The following tidbit probably stores some good news for patients newly diagnosed with the blood cancer multiple myeloma. According to a study undertaken by the University of Michigan Comprehensive Cancer Center, three-drug combination used for treating multiple myeloma is an effective front-line therapy for newly diagnosed patients. The drug combination may encompass a new proteasome inhibitor called carfilzomib, together with lenalidomide and low-dose dexamethasone.
The efficacy of this combination treatment has been tested on 31 people. Apparently all patients responded to this combination with a 50 percent decline of the disease. In fact a few patients reported complete or almost elimination of the ailment. It was mentioned that the depth of response may continue to enhance with additional treatment. Among patients completing all the eight cycles of therapy, more than two-thirds registered a complete response with little or no signs of cancer. These response rates may be higher than those achieved by the best current regimens in newly diagnosed multiple myeloma. On completion of a median follow-up of six months, all patients were alive with no seeming progression of their cancer.
The three-drug combination called CRd apparently is well-tolerated, with few serious side effects. Peripheral neuropathy characterized by numbness or tingling of the fingers and toes leading to significant pain was possibly infrequent and mild with this treatment. Andrzej Jakubowiak, M.D., Ph.D., director of the multiple myeloma program at the University of Michigan Comprehensive Cancer Center study author and colleagues assert that the side effect typically limits extended use of currently available multiple myeloma treatments and is often the reason patients discontinue a therapy. All the study subjects were allegedly eligible for a stem cell transplant. Patients were presumably able to remain on CRd treatment and achieved responses similar to or better than those noted after a stem cell transplant.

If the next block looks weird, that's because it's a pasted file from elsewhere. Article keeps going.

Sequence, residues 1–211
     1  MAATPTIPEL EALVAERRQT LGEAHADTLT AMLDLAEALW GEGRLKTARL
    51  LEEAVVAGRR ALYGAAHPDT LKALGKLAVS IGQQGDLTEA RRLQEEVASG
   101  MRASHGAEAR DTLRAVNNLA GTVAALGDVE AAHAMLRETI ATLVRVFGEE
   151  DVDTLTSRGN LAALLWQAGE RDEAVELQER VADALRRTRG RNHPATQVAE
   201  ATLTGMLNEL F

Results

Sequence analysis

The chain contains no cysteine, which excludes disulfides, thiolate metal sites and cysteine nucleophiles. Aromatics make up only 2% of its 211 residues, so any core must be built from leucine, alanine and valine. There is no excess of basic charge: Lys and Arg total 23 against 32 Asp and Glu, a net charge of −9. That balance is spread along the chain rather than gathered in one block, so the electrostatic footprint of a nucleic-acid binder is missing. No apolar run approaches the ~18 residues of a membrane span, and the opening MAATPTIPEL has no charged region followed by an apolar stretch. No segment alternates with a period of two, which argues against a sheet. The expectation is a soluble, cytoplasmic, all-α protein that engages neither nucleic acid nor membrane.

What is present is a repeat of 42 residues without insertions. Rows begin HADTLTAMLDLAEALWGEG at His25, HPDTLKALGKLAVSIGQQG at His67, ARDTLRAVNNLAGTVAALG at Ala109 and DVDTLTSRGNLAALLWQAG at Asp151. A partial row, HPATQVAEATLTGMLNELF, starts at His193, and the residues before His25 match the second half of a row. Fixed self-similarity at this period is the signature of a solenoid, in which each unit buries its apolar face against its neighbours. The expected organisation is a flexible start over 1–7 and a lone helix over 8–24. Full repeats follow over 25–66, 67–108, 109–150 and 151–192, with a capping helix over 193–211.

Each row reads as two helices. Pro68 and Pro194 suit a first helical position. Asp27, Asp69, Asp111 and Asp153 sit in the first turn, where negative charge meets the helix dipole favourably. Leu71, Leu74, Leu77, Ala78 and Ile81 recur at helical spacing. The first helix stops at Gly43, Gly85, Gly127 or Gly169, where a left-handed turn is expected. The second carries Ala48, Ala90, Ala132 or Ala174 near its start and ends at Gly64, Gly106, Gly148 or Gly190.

The study was presented on December 6 at the American Society of Hematology Annual Meeting and Exposition.